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Impaired myocardial perfusion on CMR is associated with increased numbers of classical monocytes in STEMI patients treated by primary PCI


Despite optimal revascularization strategies, STEMI patients often show impaired myocardial tissue reperfusion due to microvascular obstruction. Monocytes, especially the classical monocytes have been suggested to contribute to microvascular obstruction through a complex inflammatory response.


To investigate the relation between the circulating number of classical monocytes and severity of myocardial perfusion impairment in patients with ST-elevated myocardial infarction (STEMI) treated with primary PCI.


Fifty-four patients underwent CMR first-pass perfusion imaging, late gadolinium enhancement (LGE) and functional imaging between 3-7 days after primary PCI.

Myocardial perfusion in the infarct core was evaluated semi-quantitatively from signal intensity versus time curves by calculation of the maximum upslope relative to a remote, normal segment. The number of classical (CD14++CD62L+) (CM) and nonclassical (CD14+CD62L-) monocytes (NCM) was measured by flow cytometry from a venous blood sample. Patients were divided in tertiles according to the monocyte count in the sample.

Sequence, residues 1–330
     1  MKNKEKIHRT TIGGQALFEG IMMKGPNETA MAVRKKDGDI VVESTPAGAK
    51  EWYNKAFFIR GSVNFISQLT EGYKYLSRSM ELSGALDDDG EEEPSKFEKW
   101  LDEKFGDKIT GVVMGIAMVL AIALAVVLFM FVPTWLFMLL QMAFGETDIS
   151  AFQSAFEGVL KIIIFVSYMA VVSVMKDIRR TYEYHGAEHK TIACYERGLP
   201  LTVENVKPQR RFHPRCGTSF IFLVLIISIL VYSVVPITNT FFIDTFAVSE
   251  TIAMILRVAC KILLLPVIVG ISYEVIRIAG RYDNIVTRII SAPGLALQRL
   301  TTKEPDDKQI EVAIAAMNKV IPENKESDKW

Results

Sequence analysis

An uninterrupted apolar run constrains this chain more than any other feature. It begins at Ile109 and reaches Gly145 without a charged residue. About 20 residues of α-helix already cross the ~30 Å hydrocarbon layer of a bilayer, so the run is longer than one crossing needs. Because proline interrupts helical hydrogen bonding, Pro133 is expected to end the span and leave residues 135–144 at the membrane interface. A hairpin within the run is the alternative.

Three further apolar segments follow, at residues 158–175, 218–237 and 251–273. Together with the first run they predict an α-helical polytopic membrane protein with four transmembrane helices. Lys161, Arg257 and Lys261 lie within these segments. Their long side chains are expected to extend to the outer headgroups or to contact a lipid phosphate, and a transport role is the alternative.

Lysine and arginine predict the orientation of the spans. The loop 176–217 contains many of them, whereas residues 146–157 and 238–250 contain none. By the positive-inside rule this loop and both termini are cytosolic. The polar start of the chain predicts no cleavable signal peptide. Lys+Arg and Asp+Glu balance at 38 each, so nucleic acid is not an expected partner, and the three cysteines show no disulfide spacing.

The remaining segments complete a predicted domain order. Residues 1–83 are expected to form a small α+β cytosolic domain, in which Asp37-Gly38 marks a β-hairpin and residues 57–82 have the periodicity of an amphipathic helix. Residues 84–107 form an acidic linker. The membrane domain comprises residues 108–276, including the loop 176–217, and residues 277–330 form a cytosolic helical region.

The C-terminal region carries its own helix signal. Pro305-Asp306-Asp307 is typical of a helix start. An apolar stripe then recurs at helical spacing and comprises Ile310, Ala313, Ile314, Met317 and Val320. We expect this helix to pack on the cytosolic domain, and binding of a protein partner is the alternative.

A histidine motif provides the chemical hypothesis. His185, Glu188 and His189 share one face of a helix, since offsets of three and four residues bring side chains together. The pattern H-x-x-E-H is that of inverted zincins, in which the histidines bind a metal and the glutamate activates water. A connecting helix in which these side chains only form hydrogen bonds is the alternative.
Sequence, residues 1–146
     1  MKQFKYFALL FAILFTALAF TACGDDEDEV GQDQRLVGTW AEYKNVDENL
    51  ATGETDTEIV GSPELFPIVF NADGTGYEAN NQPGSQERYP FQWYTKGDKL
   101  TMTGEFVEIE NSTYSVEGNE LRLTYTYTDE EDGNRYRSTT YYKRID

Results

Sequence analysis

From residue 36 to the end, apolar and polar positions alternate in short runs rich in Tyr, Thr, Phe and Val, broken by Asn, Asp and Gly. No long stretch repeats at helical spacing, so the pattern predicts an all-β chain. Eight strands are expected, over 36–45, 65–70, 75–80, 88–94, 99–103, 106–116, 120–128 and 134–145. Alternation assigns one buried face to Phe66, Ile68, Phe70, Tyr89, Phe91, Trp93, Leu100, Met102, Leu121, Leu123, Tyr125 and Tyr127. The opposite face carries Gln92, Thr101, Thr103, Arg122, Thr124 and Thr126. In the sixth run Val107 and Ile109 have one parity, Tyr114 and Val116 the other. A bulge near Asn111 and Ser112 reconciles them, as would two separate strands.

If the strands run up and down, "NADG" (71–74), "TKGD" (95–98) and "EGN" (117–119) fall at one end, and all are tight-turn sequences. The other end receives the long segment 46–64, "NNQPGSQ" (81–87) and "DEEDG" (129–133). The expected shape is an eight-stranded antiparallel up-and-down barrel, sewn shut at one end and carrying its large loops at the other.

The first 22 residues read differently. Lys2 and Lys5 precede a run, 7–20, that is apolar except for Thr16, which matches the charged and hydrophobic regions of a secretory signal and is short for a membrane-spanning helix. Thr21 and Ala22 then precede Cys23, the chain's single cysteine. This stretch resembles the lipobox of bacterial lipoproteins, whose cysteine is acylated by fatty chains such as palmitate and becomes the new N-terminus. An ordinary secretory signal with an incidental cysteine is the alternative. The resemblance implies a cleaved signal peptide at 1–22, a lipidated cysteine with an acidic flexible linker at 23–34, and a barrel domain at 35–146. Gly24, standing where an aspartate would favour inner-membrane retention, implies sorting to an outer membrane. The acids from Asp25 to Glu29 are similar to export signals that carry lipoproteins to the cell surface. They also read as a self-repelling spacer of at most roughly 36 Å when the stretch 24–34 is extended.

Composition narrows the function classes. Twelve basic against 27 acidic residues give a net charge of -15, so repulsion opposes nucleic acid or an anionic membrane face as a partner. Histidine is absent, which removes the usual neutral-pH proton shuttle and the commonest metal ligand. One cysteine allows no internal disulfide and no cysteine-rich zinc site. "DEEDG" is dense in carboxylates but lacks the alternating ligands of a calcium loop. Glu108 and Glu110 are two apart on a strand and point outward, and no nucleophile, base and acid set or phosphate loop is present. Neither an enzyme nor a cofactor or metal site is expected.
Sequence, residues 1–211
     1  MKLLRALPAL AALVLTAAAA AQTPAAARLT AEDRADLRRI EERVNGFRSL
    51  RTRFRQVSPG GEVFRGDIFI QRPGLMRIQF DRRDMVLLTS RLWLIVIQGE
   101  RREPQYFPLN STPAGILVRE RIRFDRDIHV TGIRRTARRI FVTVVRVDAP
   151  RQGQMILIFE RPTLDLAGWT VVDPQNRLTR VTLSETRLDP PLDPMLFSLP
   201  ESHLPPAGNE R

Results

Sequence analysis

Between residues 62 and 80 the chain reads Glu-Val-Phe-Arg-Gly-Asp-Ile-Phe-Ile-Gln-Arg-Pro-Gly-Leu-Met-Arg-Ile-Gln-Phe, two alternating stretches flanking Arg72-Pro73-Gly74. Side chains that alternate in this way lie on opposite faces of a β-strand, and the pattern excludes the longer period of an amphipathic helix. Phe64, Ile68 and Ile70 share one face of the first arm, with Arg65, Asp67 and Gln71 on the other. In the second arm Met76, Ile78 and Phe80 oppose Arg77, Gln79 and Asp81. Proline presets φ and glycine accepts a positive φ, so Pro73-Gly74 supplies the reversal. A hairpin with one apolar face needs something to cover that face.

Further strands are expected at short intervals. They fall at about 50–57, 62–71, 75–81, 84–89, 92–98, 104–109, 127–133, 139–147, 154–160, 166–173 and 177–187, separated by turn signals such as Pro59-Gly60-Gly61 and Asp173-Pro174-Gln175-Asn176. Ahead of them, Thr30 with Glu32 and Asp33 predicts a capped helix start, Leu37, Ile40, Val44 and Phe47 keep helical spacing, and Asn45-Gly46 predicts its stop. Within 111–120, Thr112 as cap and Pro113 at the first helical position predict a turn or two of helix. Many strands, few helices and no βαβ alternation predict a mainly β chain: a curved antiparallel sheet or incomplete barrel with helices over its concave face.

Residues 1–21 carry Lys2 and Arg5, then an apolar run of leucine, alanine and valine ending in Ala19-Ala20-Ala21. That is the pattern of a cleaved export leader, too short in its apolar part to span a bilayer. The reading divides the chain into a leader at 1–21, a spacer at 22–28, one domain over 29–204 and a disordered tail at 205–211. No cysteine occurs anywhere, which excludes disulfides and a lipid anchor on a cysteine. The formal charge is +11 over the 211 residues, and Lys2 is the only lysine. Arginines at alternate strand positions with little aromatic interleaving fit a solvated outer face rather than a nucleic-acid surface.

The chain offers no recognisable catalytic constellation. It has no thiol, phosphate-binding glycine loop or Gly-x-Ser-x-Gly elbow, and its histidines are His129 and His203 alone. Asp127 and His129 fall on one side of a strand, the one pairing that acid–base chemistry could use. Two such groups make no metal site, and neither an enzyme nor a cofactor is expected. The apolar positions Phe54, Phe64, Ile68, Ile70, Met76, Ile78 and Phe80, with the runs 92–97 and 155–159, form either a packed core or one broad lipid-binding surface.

Myocardial perfusion in the infarct core was significantly lower in patients with high numbers of CM (upper tertile) compared to low numbers (lower tertile) of CM (mean relative upslope in upper tertile 7.5 versus mid tertile 5.8 versus lower tertile 5.2, p=0.014). Also, patients with high numbers of CM had a larger infarct size (9.17 vs. 6.51 vs. 3.89 g/m2, p<0.001), more segments with microvascular obstruction at LGE (15.9 vs. 8.2 vs. 2.2% of segments, p=0.001), and greater impairment of ejection fraction (37.0 vs. 42.0 vs. 46.5%, p=0.001) than patients with low numbers of CM. No such relations were found for NCM. Figure 1.

Figure 1
figure 1

* Significant difference in relative upslope value between lower and upper tertiles (p=0.014).


In reperfused STEMI patients, high numbers of classical monocytes are associated with impaired myocardial perfusion, increased myocardial injury and greater functional loss. This suggests a causal relationship between circulating monocytes after AMI and degree of myocardial damage in reperfused infarction.

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Robbers, L.F., van der Laan, A.M., Nijveldt, R. et al. Impaired myocardial perfusion on CMR is associated with increased numbers of classical monocytes in STEMI patients treated by primary PCI. J Cardiovasc Magn Reson 13 (Suppl 1), O93 (2011).

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  • Myocardial Perfusion
  • Late Gadolinium Enhancement
  • STEMI Patient
  • Lower Tertile
  • Microvascular Obstruction